A chalkboard sits on the sidewalk outside of Another Story, the first sign that this isn’t your typical bookstore. Written on it is a quote from American political activist Angela Davis: You have to act as if it were possible to radically transform the world. And you have to do it all the time. Since 1987, Another Story’s mission as an independent bookstore has been to do just that—carrying titles with themes of social justice, equity, and diversity.
Located in the Roncesvalles neighbourhood in the west end of Toronto, the store has become a staple in the community and beyond, receiving orders from across the country. Another Story’s carefully curated collection is a reflection of owner Sheila Koffman, who died in September after a battle with cancer, and her strong commitment to increasing the representation of different perspectives and ideas through literature.
Independent bookstores like Another Story are much more than a place to buy books. They become a local hub for neighbours to meet and interact, a space to launch indie authors, and where customers and staff are on a first-name basis. But as big-box stores and online giants, such as Amazon, continue to grow, independent shops find it more and more difficult to stay afloat.
This year marks 30 years since Another Story opened. It’s a milestone not just because the store has survived, but because it has thrived and plans to continue what Koffman set out to do three decades ago.
Koffman worked as a civil servant prior to opening Another Story in the late 1980s. Its first location was in a basement on the Danforth in the east end of Toronto. For the next decade and beyond, the shop struggled as one of the few political bookstores at the time. Koffman ordered titles from home, inviting publishers over and forming lasting friendships along the way. The store relied on its wholesale business to keep afloat, eventually establishing strong relationships with teachers, librarians, and school boards across Ontario.
Jeffrey Canton, a former employee, began working at the store during this period and credits Koffman’s foresight and business savvy. She recognized the need to incorporate more diverse books into classrooms early on, before curriculums caught up. “That focus on equity and social justice… and all the various things that she focused on in the store were things that she was doing long before it was part of the real conversation that we have today,” says Canton. “She fought really hard to make sure that her store reflected that.”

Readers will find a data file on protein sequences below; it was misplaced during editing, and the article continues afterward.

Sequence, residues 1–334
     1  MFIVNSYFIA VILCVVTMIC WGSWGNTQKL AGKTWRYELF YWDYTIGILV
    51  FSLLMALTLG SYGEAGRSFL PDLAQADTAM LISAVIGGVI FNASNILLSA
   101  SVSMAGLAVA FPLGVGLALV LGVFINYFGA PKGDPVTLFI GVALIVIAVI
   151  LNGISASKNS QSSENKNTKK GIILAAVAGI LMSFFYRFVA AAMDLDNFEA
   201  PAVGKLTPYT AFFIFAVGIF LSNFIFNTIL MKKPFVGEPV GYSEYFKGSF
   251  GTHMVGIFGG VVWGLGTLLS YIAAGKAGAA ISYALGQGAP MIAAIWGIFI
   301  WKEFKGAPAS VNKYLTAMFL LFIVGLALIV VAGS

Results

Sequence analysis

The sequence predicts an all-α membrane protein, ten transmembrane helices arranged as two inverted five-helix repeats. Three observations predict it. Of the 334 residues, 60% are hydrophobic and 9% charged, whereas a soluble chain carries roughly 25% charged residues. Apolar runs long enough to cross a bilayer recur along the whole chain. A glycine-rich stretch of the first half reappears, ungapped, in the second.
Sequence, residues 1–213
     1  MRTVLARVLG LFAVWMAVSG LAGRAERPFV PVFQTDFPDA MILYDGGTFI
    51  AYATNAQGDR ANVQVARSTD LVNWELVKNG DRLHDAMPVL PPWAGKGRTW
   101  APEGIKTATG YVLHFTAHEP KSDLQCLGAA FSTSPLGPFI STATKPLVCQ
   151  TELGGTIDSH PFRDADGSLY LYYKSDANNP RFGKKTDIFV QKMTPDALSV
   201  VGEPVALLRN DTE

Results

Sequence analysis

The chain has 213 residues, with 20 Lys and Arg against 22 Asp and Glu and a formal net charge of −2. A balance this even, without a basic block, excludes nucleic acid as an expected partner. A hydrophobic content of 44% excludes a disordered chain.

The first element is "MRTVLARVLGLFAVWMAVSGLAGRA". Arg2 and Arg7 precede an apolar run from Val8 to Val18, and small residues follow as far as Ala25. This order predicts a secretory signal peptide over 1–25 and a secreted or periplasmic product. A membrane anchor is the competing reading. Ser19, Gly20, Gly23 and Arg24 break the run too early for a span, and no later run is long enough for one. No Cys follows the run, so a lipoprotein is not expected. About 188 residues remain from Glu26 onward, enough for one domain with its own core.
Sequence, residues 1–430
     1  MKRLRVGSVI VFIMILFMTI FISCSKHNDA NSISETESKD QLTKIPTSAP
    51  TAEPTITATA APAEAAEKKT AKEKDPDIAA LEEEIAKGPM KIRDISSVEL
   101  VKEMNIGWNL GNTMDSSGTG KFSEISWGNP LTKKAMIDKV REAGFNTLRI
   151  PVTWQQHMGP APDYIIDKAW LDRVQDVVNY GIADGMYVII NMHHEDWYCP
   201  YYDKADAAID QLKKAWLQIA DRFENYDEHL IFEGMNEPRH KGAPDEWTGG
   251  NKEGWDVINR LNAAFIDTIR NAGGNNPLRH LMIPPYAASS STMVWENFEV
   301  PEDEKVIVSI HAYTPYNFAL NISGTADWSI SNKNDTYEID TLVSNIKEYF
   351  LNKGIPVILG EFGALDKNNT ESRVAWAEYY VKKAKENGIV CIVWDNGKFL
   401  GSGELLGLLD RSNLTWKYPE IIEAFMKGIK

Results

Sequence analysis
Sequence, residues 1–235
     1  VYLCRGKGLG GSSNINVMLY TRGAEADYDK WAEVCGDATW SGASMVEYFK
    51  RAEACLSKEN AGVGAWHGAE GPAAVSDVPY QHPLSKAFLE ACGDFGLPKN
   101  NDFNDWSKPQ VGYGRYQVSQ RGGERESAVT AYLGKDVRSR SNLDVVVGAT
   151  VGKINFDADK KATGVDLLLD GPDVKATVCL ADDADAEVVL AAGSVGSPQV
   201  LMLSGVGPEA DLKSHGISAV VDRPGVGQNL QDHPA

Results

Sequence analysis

It was important to Koffman to champion smaller and independent titles. Another Story held launches, readings, and evenings specifically for teachers, to introduce customers to books they might not have heard of otherwise. The store would end up moving twice more around the same area. In 2006, the store made one last transition to its current space in Toronto’s west end.
In the store, books are organized by theme. The brightly painted orange, green, and purple walls are lined with titles covering topics such as race and gender identity. At the front of the store is a shelf of staff picks—they try to read as many as they can and discuss before ordering. Boxes labelled with the names of various schools are stacked high at the back of the store, soon to be transported across the province.
Anjula Gogia, former co-manager of the Toronto Women’s Bookstore, organizes events for Another Story. This past summer, the store hosted two of its biggest—the Toronto launch of Roxane Gay’s Hunger and Arundhati Roy’s The Ministry of Utmost Happiness. Each event brought out hundreds of attendees. For the store, it was proof that small, independent sellers still have a place among their larger retail competitors. “It’s a chance for people to gather together, to talk about issues, to meet one another, [and] to discuss strategies for change,” says Gogia.
Like many of the store’s staff, co-manager Laura Ash was drawn to Another Story for its commitment to making a social impact through books. For the past few years, the store has been organizing book fairs in schools, bringing alternative titles directly to students. The shop continues to host author events, supporting and advocating for underrepresented writers that might not be carried anywhere else. “All the bookstores that have survived and been around for so long in this city, it’s because they have a community that loves them and they also support that community,” says Ash.
Staff are determined to keep the store moving forward with the knowledge that Koffman’s legacy lives on in Another Story and all that’s on the shelves. “I come in everyday and I still think she’s going to call,” Ash says. “All these books are books that she bought—this is all her.”
Another Story Bookshop’s 30th Anniversary Bash and Tribute to Sheila Koffman will be held on October 21.